What is Inclusion?



‘Inclusion’ is a word that is used regularly and at Scantec we acknowledge that it means many different things to different people.

As an organisation, we have chosen to define Inclusion as described by the Society for Human Resource Management:

“The achievement of a work environment in which all individuals are treated fairly and respectfully, have equal access to opportunities and resources, and can contribute fully to the organisation's success.”

For ‘National Inclusion Week’ we wanted to find out what it means to our employees, and have chosen to share the views of three individuals from different parts of our business:

Q.      What does inclusion mean to you? 


Being accepted by your work colleagues for who you are. The term I like is ‘bringing your whole self to work’. We are all different – the way we think, communicate, problem solve, build relationships and behave. No two people are exactly the same. That’s what we need to accept and embrace in the work place, as those differences are what define a business’ culture and the ability to deliver.


Being treated the same as everyone else within the business.  I work 25 hours per week and so it is important to me to feel I have the same opportunities as my Colleagues that work full time. 

I want to be included in all of the incentives and have a fair opportunity to achieve the awards others do.

We should celebrate difference and feel equally valued.


Inclusion to me means that everyone should be treated fairly and given the same opportunity no matter their gender, race, belief, sexual orientation etc. In the work place, inclusion to me means that everyone should have equal opportunity to progress and succeed and no one should be treated differently because of their role or position. I want people to feel they can be who ever they want to be in work and not be viewed any differently.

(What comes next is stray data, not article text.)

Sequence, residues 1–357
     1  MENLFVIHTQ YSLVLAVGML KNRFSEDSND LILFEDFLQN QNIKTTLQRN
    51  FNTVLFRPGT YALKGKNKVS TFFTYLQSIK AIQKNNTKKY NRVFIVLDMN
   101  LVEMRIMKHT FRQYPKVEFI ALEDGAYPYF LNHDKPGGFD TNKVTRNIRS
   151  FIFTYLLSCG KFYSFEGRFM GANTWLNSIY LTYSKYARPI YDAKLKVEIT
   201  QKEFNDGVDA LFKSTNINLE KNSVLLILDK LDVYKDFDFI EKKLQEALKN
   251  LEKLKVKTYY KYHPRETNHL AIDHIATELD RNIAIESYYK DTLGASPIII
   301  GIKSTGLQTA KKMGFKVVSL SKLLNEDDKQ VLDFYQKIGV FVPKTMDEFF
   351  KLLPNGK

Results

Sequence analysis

Q.        How have you felt included at Scantec? 


In many ways. For example, I am accepted by my colleagues in the Leadership Team as being someone who can support with ‘non-finance’ related deliverables – they include me on all key decision making. I am also encouraged and supported by the Managing Director to find ways to continually better myself in the role I deliver – I am included in the process of shaping my career with the company. Finally, as a father of two young children I have the flexibility to work outside of core hours to accommodate my responsibilities at home – there are a lot of parents in the business, delivering in roles with similar levels of flexibility, and I feel part of that ‘group’ who are supported in this way.


I do feel a very included and valued member of the Scantec team. I have been with the Company for over 19 years, working full time for the first 7.  After having children, I put a request in for part time hours, which was accepted.  I have now worked part time (school hours) for 12 years. This is so important to me, I am very fortunate that I am able to take my children to school and pick them up daily.

There have been times when I haven’t felt included; however this has now been addressed.  The incentive scheme for the bonus trip and the monthly high achievers award has now been amended to reflect my part time hours.


Overall, very much so. I have been given the opportunity to get involved in different projects and I feel like I have been welcomed since I started over 2 years ago.

In my last job, I reduced my hours to work 4 days a week instead of 5 due to childcare commitments. I was very thankful for this because, as a new father, this time with my daughter was amazing and something I will cherish forever. When I interviewed here at Scantec, I mentioned my reduced hours and asked if this would be an option here but I was told it was a full time position. I never really pushed back on this and asked why because I was getting a pay rise from my last job so covered the extra childcare costs.

I feel this would be approached differently now due to Scantec becoming a more flexible and open culture. I know of a number of people in the business who have flexible working and work 4 days a week instead of 5, so the business is open to this. I now have flexible working hours with slightly different start and finish times on Wednesdays and Thursdays to allow me to pick up my children from childcare. This was granted last year when I had been in the business for 16 months and it was no issue at all, the business and my manager were very supportive of this.

Q.        Have you felt included during your career as a whole?